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Mr Robot S1E1 to E5 (2015 -)

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The Information Demon

Mr Robot looks like it is the best series around, even though one has only seen half the first season so far. Even though, for fear of being overwhelmed by such a rich tapestry of what is going wrong in our golden information age, one feels the need to take stock of what has taken place in the first five episodes. This is the midway point, when most series reach a low before either finding a second wind or going down in flames. No such thing here. In full coherence with the series context, hacking, hero Elliot Alderson (Rami Malek, heroic) muses in his hypnotic, drone-like voice-over, “Am I his malware?”. Mr Robot is far from being only about tech wizards infiltrating inexpugnable systems. It has a chilling, exhausted, early, very early fin de siècle about it. How do we get out of the corner we have painted ourselves into, after usual derivatives fail? Can we even get out of it? Is there even a corner, or is it all in our head, ireversibly polluted by the Information Demon?

Interestingly, Mr Robot is not the hero of the piece. He’s the hacker group’s boss, first glimpsed as a homeless man in the subway and basically a piece of trash among the others he carries with him. in the course of three episodes he becomes a father figure for Elliot, but he’s far from paternal. He’s more like a vengeful God from the underground, detaining knowledge, demanding sacrifices and prone to sudden bouts of rage: the end of the second episode, filmed from far behind, is shocking from its suddenness, its brutality and its apparent lack of purpose. It’s an expulsion from a non-existent Eden, after the simulacrum of a bond is forged. A lesson is taught, violently. Christian Slater (never more rodent-like), is great in the role, both poised and feral, an angel of chaos for chaos is the only way society can be purged of its demons, in the early years of the trickiest century there ever was.

Like father like son. Elliot’s appearance makes him totally credible as the embodiment of two agents of mutation, drug addiction and viral technology. Skinny and heavy-eyed under his hood, he’s the ghost in the machine, exacting vigilante justice on his free time, using Internet as Dexter was using his scalpel in his laughable story. The first episode starts with him confronting a bad guy in a plain, soft-spoken manner, in total contrast with what is being tabled during the scene, at such a point that you briefly wonder if the actor is even good. Oh, he is, he’s superlatively good. Elliot is a creep, and accordingly he creeps up on you. By the end of the pilot you will either reject him like the poison seed he is or embrace him. By the end of the pilot Elliot is sexy as hell, in his hallucinated, antisocial way.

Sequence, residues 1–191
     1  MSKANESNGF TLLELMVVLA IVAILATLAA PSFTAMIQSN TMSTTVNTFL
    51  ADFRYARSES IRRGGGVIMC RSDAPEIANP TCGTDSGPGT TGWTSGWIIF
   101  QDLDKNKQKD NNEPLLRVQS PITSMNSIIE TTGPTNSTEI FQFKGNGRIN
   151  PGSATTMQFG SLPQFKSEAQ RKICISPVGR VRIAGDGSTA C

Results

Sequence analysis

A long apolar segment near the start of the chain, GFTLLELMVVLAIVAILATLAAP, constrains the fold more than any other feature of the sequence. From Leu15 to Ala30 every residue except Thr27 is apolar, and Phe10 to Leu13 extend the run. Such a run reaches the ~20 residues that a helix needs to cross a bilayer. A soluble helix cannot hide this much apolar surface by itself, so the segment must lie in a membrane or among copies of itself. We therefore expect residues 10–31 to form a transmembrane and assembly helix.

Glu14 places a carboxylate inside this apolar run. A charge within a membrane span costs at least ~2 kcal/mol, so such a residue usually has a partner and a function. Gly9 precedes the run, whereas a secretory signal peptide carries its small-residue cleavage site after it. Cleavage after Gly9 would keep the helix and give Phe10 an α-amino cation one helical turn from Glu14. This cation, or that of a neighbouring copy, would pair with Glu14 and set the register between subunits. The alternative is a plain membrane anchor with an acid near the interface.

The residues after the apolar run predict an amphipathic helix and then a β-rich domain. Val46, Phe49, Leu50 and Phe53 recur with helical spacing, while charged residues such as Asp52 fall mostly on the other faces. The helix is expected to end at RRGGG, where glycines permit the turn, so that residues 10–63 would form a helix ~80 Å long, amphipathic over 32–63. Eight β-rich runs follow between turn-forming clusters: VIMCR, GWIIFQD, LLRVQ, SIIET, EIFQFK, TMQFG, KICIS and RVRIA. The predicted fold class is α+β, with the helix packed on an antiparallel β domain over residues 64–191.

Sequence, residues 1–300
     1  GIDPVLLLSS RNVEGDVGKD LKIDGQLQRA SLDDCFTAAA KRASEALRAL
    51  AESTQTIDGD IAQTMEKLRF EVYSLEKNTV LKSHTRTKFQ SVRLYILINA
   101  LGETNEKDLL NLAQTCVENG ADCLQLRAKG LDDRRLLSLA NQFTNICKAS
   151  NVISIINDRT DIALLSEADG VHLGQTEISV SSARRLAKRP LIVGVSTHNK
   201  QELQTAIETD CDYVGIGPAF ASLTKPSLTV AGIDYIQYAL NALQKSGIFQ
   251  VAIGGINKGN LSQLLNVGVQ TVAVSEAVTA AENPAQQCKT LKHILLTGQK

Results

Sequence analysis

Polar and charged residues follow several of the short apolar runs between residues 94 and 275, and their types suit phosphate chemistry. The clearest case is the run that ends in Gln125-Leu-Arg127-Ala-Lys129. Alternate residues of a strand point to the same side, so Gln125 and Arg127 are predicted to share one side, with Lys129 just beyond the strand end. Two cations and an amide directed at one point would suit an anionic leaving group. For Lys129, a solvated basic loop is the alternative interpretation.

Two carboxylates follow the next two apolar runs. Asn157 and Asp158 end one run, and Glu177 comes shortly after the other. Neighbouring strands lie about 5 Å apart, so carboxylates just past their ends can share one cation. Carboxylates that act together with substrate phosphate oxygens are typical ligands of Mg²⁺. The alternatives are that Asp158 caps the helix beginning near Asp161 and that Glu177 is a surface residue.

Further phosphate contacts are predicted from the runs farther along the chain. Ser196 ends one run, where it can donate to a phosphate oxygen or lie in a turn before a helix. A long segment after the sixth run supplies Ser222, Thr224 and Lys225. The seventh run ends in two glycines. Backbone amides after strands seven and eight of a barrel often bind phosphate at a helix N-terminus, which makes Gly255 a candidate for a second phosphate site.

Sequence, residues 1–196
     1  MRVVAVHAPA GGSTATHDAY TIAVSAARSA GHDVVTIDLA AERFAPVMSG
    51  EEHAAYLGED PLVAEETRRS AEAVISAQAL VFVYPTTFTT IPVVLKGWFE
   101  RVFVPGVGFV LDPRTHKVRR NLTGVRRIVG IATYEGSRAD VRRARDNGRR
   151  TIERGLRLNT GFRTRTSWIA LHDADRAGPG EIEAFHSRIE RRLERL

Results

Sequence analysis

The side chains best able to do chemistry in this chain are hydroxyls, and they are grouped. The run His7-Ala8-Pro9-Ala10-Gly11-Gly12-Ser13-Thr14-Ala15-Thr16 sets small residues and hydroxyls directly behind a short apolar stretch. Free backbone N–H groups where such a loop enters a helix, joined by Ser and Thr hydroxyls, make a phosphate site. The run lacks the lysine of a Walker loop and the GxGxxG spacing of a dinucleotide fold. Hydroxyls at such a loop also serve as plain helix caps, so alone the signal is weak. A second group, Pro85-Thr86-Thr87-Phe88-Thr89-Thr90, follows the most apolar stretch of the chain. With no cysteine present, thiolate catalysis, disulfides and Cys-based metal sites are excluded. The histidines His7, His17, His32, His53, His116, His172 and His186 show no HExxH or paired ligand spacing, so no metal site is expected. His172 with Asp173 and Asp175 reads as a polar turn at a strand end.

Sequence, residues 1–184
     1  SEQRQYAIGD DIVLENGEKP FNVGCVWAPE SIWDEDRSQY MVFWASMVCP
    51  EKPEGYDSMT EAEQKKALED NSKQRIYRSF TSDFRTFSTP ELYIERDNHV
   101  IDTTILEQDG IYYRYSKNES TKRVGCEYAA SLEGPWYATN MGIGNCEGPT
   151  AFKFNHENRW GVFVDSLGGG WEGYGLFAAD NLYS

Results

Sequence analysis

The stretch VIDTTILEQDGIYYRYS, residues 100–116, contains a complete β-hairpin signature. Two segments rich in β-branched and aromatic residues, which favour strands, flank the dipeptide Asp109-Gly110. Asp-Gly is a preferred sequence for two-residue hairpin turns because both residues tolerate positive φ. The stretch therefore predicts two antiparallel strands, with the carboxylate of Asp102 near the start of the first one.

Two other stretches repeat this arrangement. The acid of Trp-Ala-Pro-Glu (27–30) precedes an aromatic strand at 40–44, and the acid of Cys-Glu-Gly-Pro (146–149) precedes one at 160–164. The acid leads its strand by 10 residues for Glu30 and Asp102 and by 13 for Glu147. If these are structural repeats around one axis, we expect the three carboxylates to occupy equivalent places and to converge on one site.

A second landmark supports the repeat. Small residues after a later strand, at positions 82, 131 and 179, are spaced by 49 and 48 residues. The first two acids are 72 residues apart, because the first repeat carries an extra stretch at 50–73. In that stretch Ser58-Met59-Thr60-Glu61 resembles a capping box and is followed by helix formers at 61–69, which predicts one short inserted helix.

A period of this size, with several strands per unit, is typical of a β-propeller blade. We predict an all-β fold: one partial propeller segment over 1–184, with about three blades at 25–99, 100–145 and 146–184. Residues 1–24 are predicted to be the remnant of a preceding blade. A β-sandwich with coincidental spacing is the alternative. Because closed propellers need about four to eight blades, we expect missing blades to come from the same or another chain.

“Do you know what your monster is?” he asks. By 2016, we know that the answer is either “yourself” or “the one we have created collectively”. The cyber Frankenstein in whose lap we comfortably curl, like you do right now, like yours truly do writing this. This series is the first, to one’s knowledge, to create suspense out of the time conflict between rehab from morphine addiction and the short timeframe of a major hack. This is oh so clever, the demons from the id paving the way for the cyber devil. A perfect system of enslavement, briefly choosing Elliot’s body as its mascot. It’s not only hacking we’re talking about; “viral” is a frightening word.

“I’m gay”, flatly announces his boss during a flight in his private jet, for Elliot works for a cyber security firm depending on his main client, the Evil Corporation, to survive. Yes, it’s called the Evil Corp., and why not? Mr Robot just takes it one step further than declaring finance the enemy, after all. All characters have the potential for a moment like that, when something important for them, and it it sinks into Elliot without a ripple on his absent, almost abstract surface. He’s very good at non-verbal communication, and most of the time what he expresses is that he has nothing to bring to the conversation.

Refusing the commodity of cliffhangers and very good at diffusing relationships, Mr Robot is your ghost, your monster, your virus, your malware. It’s brilliant and pernicious. Its heroes want to bring down society, still it is very scary to recognise, through the black hole of Elliot’s vacuous glance, that it’s not even the best option we have left. It might very well be the only one.

Viewing essential. Second half soon.

IMDB page

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